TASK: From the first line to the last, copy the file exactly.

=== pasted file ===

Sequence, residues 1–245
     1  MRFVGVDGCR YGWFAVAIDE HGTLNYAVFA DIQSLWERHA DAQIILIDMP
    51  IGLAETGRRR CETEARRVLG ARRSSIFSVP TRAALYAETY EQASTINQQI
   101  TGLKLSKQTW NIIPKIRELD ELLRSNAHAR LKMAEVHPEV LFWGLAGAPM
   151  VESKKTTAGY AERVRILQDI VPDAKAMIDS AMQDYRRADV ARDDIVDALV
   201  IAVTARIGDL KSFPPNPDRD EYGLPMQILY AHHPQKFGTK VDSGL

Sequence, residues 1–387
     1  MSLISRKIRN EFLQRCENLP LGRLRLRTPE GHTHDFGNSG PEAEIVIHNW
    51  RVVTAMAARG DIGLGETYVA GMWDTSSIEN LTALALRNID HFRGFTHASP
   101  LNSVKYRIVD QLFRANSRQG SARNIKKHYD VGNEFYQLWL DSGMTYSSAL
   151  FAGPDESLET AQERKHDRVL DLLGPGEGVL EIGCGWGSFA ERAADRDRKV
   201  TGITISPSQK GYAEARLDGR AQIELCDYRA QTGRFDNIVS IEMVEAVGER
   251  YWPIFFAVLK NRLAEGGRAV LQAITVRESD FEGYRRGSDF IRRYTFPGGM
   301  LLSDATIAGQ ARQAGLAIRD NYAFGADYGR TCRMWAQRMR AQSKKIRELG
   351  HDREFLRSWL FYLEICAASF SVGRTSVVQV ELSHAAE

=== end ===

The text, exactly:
Sequence, residues 1–245
     1  MRFVGVDGCR YGWFAVAIDE HGTLNYAVFA DIQSLWERHA DAQIILIDMP
    51  IGLAETGRRR CETEARRVLG ARRSSIFSVP TRAALYAETY EQASTINQQI
   101  TGLKLSKQTW NIIPKIRELD ELLRSNAHAR LKMAEVHPEV LFWGLAGAPM
   151  VESKKTTAGY AERVRILQDI VPDAKAMIDS AMQDYRRADV ARDDIVDALV
   201  IAVTARIGDL KSFPPNPDRD EYGLPMQILY AHHPQKFGTK VDSGL

Sequence, residues 1–387
     1  MSLISRKIRN EFLQRCENLP LGRLRLRTPE GHTHDFGNSG PEAEIVIHNW
    51  RVVTAMAARG DIGLGETYVA GMWDTSSIEN LTALALRNID HFRGFTHASP
   101  LNSVKYRIVD QLFRANSRQG SARNIKKHYD VGNEFYQLWL DSGMTYSSAL
   151  FAGPDESLET AQERKHDRVL DLLGPGEGVL EIGCGWGSFA ERAADRDRKV
   201  TGITISPSQK GYAEARLDGR AQIELCDYRA QTGRFDNIVS IEMVEAVGER
   251  YWPIFFAVLK NRLAEGGRAV LQAITVRESD FEGYRRGSDF IRRYTFPGGM
   301  LLSDATIAGQ ARQAGLAIRD NYAFGADYGR TCRMWAQRMR AQSKKIRELG
   351  HDREFLRSWL FYLEICAASF SVGRTSVVQV ELSHAAE